A wedding invitation is more than just an invite to the biggest day of your life. So before choosing your stationery, be sure to consider these few simple Wedding Invitation Etiquette Tips to help set the tone in your guests’ mind before they even arrive. We have even more wedding stationery inspiration in our Wine & Country Weddings library, too.
Wedding Invitation Etiquette 101
It used to be there was only one kind of wedding invitation, and if Emily Post had anything to say about it, there was one way to write it. The bride’s parents were hosting, the ink was black and the paper was cream colored. Though there’s a lot to be said for tradition (and we do love a classic invitation suite), we’re not sorry to see this rigidity guide go to the wayside. Nowadays, invitation suites can be a lot more personal. You can incorporate colors and graphics that will set the aesthetic tone for your wedding, whether formal and elegant or quirky and casual. But, while there’s more room for expression, it’s not just anything goes. You want to carefully consider how to put together your invitations, because following a few simple rules of etiquette and being considerate with your choices can prevent awkward confusion, and keep everyone comfortable and excited about the big day.
Photo: Aaron Watson Photography
Which Names Go First On Wedding Invitations?
The traditional wording of the bride’s parents inviting guests to the marriage of their daughter comes from the days when women got married without ever living on their own, but rather going straight from their childhood home to a residence with their husband and parents covering all costs of the celebration. With increased independence and people getting married later, the question of phrasing is an opportunity for more flexibility. It’s up to the couple to decide who they’d like to name as hosts on the invitation. Parents, honorary parents, the couple themselves, children: there are arguments for all of them to be the ones inviting guests to attend the nuptial event. A good rule of thumb, for invitations and the wedding itself, is to be as inclusive as possible. Another good rule of thumb, which again applies to both the invitation and the wedding, is to keep it simple. Between these two rules, there are many possibilities!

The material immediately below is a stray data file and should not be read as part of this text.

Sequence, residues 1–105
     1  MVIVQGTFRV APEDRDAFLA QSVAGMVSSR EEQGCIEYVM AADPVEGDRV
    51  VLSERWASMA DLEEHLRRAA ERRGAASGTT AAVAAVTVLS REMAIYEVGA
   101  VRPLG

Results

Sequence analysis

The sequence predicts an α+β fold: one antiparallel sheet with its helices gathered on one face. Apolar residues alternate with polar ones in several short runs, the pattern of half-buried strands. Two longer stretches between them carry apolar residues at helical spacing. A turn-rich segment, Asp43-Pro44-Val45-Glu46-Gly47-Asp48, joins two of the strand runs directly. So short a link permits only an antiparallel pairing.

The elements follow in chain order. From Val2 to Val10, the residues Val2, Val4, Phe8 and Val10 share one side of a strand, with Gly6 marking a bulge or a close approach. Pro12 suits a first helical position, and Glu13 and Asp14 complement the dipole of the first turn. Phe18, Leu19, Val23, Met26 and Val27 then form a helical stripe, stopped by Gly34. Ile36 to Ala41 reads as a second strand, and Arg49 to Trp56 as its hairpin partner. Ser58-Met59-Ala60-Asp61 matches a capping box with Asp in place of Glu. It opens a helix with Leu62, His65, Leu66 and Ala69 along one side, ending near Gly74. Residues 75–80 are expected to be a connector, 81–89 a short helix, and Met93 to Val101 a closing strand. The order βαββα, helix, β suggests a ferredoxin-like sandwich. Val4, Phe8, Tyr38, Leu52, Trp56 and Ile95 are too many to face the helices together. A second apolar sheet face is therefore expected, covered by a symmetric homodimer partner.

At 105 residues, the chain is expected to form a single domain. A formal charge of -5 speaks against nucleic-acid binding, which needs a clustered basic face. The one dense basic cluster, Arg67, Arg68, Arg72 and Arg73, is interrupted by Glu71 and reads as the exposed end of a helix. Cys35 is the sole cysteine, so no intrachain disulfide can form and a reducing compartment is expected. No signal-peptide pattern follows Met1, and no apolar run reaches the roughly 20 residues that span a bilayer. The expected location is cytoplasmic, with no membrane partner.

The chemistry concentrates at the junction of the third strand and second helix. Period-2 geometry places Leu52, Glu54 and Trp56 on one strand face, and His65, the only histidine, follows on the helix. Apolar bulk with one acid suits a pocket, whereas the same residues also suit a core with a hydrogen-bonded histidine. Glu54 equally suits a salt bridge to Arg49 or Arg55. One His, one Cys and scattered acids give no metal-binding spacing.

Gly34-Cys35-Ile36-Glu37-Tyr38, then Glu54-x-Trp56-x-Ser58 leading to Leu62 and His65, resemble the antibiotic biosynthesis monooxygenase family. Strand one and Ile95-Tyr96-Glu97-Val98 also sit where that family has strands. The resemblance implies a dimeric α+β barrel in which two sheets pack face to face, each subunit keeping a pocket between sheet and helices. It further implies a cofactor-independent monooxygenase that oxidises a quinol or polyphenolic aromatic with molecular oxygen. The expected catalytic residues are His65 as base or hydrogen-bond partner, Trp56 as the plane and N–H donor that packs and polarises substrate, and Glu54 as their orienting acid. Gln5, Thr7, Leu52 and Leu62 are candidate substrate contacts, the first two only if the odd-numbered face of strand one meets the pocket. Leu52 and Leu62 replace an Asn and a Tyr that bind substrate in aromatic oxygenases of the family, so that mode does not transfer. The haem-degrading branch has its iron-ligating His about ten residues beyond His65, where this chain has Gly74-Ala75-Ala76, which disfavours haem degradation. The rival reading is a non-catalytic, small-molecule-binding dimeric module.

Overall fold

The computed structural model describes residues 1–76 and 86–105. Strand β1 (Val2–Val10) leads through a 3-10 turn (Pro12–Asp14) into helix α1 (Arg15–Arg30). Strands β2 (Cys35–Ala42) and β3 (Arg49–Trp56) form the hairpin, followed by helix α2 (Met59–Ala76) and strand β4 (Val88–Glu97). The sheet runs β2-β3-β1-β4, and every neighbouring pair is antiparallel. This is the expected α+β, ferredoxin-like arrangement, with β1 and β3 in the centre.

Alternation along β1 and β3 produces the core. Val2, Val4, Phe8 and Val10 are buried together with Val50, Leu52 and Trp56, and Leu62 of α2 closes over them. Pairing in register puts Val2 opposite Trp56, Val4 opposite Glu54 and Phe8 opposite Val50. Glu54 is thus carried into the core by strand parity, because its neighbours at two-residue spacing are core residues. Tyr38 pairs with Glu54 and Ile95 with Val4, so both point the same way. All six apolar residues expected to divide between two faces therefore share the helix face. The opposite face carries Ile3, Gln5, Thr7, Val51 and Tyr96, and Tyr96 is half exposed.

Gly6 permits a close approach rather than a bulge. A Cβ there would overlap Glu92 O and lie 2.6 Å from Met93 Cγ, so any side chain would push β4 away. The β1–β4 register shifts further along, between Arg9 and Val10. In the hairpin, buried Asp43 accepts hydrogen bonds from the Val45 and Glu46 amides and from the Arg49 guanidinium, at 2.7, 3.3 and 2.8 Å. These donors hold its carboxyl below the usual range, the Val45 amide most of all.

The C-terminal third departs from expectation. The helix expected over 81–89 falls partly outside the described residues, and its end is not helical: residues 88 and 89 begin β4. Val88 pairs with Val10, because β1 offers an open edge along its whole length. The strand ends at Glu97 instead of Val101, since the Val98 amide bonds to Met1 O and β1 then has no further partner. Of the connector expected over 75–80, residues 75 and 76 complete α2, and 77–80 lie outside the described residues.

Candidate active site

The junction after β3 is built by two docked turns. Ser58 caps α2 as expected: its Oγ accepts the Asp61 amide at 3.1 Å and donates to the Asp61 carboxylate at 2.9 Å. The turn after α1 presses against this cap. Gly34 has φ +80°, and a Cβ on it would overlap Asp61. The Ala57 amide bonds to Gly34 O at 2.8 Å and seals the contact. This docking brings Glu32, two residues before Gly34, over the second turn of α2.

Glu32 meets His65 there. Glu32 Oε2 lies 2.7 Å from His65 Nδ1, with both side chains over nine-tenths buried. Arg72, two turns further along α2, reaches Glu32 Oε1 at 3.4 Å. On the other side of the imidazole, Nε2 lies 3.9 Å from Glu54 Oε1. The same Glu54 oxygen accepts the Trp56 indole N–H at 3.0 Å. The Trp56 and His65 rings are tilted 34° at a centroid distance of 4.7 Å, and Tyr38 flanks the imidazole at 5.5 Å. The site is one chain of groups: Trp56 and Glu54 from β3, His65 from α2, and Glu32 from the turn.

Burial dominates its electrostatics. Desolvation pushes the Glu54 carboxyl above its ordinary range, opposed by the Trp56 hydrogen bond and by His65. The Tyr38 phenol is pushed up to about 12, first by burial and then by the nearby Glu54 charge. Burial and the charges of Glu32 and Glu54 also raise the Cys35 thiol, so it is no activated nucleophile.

How Should You Word Your Wedding Invitation?
From the formality “the honor of your presence,” which is used for religious ceremonies, to the casual fun of “we’re getting hitched,” there’s a phrasing that can capture the mood you’re trying to create.
The hosts do the inviting at the top of the invitation, and then the couples’ names are centered, followed by the pertinent information of the ceremony and the reception.
So few life events allow the sense of occasion as your wedding, so enjoy the opportunity to embrace invitations like spelling out the dates and the time.
How to Proof Your Wedding Invitations
Invitations have gotten increasingly elaborate and colorful, so when you’re reviewing the final proof before ordering, make sure that all names are spelled correctly, double check the date and time, and consider getting a fresh set of eyes to confirm that the formatting displays all this information clearly and consistently.